Links ‘n Things Monday (11/5/12)

Big day tomorrow – I think I’m just looking forward to the end of the political commercials. If not for my DVR I think I might have gone crazy. Good luck to you as your brave the lines tomorrow, hopefully the whole thing will go off with as few problems as possible. Here are some interesting links I’ve gathered over the past week. Enjoy!

1) Dirk Willard is a friend of John Peterson and Sun Recruiting and he’s a contributing editor over at He recently penned an article about environmental and safety regulations within the chemical industry. He posits that it is not the amount of environmental and safety regulations that are a problem, but rather the difficulty in determining both interpretation of some regulations and also which federal dept. holds jurisdiction for a given regulation. Definitely an interesting perspective, check it out:

2) I’ve been seeing a lot of articles about scientific fraud lately – stories of academics or researchers who, under the pressure to meet deadlines or find evidence of a preconceived truth, fake data or manipulate the results to push an agenda. In fact, there is an entire website dedicated to tracking scientific retractions (click here). This article, published in The Guardian (UK) , argues that the way we fund and publish scientific information is responsible for most of this fraud and proposes some solutions that would place a higher premium on honesty and integrity within the scientific community:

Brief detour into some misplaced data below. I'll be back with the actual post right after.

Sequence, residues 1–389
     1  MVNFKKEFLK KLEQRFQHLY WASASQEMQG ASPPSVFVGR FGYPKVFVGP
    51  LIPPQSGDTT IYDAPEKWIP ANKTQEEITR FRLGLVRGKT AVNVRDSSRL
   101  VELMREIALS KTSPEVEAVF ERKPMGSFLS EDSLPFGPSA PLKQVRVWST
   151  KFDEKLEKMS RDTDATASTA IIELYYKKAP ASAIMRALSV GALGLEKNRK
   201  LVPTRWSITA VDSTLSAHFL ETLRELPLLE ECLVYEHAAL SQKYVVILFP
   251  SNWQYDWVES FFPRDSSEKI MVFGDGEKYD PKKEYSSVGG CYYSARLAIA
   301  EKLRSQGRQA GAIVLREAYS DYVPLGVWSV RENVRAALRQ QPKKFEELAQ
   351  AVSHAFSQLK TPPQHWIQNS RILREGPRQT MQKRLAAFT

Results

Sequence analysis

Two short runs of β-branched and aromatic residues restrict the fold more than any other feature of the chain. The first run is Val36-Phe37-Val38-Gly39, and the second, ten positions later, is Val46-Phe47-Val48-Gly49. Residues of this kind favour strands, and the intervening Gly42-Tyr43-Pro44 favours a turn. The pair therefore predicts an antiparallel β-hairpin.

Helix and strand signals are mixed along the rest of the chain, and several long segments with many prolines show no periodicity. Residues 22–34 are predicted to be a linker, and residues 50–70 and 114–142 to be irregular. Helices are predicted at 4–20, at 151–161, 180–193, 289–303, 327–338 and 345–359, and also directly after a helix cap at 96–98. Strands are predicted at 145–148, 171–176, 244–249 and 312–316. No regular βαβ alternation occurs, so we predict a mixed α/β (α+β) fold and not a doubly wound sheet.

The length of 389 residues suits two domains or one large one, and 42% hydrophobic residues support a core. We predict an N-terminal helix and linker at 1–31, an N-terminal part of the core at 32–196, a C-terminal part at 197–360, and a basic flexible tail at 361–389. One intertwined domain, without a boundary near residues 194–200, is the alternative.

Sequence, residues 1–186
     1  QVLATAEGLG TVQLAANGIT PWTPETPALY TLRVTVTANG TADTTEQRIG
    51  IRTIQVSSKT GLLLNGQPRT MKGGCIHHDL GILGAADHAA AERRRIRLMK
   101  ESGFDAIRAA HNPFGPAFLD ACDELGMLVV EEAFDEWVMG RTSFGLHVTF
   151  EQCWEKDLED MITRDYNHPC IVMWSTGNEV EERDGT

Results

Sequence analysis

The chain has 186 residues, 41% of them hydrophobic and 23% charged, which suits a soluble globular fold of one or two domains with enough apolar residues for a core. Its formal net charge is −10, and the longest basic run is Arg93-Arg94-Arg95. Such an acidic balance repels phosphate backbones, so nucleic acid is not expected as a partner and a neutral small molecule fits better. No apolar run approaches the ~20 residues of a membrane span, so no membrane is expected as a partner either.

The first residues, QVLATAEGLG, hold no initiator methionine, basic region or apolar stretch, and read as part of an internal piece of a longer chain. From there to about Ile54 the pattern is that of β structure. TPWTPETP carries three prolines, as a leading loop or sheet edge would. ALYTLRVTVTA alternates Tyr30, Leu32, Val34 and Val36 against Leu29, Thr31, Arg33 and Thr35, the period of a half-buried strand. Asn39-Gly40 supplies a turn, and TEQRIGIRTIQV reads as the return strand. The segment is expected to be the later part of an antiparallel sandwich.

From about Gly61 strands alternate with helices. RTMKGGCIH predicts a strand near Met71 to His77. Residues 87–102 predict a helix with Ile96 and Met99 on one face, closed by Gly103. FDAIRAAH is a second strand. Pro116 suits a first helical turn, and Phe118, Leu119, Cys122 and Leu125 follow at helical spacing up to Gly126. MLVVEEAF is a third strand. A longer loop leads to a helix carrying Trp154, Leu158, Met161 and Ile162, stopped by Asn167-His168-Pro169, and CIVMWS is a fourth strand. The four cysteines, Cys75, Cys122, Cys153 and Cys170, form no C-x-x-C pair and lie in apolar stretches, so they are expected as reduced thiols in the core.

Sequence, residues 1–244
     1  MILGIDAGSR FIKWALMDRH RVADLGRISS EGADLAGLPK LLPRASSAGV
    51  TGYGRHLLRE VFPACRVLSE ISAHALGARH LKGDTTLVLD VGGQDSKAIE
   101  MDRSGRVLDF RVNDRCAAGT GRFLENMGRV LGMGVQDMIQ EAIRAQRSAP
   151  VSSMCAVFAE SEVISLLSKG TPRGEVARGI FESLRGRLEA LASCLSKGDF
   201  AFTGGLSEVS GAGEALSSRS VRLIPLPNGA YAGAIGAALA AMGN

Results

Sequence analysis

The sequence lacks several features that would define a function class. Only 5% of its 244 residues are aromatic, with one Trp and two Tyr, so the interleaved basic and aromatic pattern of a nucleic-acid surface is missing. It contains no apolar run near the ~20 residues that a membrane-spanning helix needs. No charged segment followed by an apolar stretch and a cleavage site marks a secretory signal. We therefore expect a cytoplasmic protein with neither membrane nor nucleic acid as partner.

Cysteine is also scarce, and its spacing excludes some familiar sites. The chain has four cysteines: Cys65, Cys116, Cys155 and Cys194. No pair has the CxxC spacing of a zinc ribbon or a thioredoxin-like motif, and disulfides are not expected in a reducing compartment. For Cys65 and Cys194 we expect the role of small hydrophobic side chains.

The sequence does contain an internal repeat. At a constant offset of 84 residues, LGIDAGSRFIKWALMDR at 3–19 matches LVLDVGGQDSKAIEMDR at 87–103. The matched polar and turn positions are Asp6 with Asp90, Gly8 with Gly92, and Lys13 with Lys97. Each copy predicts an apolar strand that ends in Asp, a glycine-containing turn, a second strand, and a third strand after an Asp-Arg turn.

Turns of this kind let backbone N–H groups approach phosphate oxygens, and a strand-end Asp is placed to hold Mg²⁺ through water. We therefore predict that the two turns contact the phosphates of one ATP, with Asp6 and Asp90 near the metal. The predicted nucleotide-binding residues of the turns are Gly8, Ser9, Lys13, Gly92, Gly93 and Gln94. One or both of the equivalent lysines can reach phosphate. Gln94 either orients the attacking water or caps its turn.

3) On this date in 1992, researchers discovered what is still thought to be the world’s oldest beer. The beer was discovered in 5,000 year old jugs in Iran – there obviously wasn’t standing liquid in these jugs, rather there were trace residues found in the grooves of the jugs that compared well on a chemical level with other known ancient beer discoveries. Wonder what it tasted like back then and if it was anything similar to what we enjoy today?

4) This article, published a few days ago on, argues that the U.S. Chemical Industry is set to boom because of cheap natural gas prices as a result of increased shale gas production. Mr. Fontevecchia thinks that the U.S. Chemical Industry may very well be the industry that leads the economy out of what has been a very weak recovery period:

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